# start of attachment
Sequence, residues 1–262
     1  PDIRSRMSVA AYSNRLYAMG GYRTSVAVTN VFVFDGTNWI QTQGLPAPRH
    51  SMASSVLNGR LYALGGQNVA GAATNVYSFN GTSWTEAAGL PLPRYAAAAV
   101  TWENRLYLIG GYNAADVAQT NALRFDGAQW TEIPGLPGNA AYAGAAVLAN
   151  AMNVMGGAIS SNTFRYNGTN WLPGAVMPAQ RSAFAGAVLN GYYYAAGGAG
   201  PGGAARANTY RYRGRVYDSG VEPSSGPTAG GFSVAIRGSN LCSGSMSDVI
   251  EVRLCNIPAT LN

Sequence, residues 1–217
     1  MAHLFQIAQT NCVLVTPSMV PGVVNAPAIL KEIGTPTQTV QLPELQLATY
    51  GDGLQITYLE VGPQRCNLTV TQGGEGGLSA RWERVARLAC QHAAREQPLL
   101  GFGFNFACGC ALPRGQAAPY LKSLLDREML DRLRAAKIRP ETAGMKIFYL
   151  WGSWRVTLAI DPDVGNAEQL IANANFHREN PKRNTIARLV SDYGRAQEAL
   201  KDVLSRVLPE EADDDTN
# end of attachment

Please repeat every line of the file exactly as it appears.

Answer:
Sequence, residues 1–262
     1  PDIRSRMSVA AYSNRLYAMG GYRTSVAVTN VFVFDGTNWI QTQGLPAPRH
    51  SMASSVLNGR LYALGGQNVA GAATNVYSFN GTSWTEAAGL PLPRYAAAAV
   101  TWENRLYLIG GYNAADVAQT NALRFDGAQW TEIPGLPGNA AYAGAAVLAN
   151  AMNVMGGAIS SNTFRYNGTN WLPGAVMPAQ RSAFAGAVLN GYYYAAGGAG
   201  PGGAARANTY RYRGRVYDSG VEPSSGPTAG GFSVAIRGSN LCSGSMSDVI
   251  EVRLCNIPAT LN

Sequence, residues 1–217
     1  MAHLFQIAQT NCVLVTPSMV PGVVNAPAIL KEIGTPTQTV QLPELQLATY
    51  GDGLQITYLE VGPQRCNLTV TQGGEGGLSA RWERVARLAC QHAAREQPLL
   101  GFGFNFACGC ALPRGQAAPY LKSLLDREML DRLRAAKIRP ETAGMKIFYL
   151  WGSWRVTLAI DPDVGNAEQL IANANFHREN PKRNTIARLV SDYGRAQEAL
   201  KDVLSRVLPE EADDDTN